Embracing being bad at things
As something of a perfectionist I have always struggled with feeling ok about trying out new things and being...well, bad.
I stare at my lopsided flower painting in dismay...yellow paint dripping mournfully from a sunflower’s well endowed petals. I have never seen anything worse. I have never frowned so hard in my life. Frustrated, I sigh and reach over to rip the page out but at the last moment, a hand snakes forward and snatches the art journal from my desk. My partner dances away at my cry of annoyance and holds it up to the light. "I love it", he says.
Guess it's time to fess up, folks. I hate being bad at things. This year I have started to realise that I do not really have anything outside of university. I don't have any hobbies, skills or just fun interests. I mean stuff to unwind too, not volunteering or extracurricular.
In the absence of owning a garden to grow things in or a large kitchen to bake, I decided to give painting a hand. I dug out some old paints and brushes from the first year of uni when I had this very original thought first. I set up my desk and had a go.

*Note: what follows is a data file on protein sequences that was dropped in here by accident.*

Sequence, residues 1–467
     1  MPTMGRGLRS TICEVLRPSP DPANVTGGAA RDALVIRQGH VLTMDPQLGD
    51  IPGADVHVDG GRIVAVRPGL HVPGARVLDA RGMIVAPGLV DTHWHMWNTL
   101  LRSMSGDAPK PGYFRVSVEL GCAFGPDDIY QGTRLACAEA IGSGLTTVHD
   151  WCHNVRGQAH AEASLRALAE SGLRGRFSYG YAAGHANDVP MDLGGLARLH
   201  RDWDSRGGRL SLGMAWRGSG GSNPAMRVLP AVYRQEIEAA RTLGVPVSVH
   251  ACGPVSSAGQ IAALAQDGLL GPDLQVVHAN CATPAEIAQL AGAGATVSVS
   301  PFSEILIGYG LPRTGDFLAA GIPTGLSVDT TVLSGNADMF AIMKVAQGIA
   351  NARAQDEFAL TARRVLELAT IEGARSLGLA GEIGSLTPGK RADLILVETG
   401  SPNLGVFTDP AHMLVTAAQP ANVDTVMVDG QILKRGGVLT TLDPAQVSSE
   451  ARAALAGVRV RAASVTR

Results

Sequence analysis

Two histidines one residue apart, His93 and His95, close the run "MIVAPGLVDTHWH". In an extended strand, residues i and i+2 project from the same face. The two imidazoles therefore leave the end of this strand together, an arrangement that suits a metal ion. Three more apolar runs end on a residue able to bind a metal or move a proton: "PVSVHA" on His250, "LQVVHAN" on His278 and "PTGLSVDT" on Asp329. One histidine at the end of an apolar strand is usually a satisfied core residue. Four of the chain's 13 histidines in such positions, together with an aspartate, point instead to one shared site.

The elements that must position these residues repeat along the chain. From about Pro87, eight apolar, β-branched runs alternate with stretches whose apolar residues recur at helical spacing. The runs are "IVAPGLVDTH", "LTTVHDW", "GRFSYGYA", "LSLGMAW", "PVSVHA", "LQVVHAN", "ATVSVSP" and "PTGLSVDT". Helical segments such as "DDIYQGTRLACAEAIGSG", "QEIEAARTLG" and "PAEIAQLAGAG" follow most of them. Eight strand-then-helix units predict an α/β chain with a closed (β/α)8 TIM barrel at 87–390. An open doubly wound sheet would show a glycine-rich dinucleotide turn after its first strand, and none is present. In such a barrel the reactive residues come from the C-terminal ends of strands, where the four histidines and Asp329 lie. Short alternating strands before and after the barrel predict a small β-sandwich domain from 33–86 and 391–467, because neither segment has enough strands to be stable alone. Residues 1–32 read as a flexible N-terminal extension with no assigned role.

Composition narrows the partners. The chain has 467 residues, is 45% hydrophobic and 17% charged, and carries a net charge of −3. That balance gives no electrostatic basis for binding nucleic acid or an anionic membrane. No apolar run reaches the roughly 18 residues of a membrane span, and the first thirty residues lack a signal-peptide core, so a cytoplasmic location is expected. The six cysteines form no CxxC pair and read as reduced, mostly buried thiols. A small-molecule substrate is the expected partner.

And I SUCKED.
I felt like I couldn't achieve anything right. I wanted to give up straight away. How could I be this bad I thought? But my partner’s comment got me thinking.
I think I need to start rethinking ‘bad’. Can anything be objectively ‘bad’? In fact, if I am constantly measuring the value of things by my success at them, how the heck will I ever enjoy them?
Oooft deep philosophical moments, sorry. But in all seriousness, I am not trying to excuse my poor painting skills. I think it's just been something of a personal journey for me to realise that while I may not be good at painting, I enjoy doing it and that is OK. I may never be a Picasso but if I can take even a bit of time from studying and stressing then I will have succeeded in starting to manage my personal wellbeing for the better.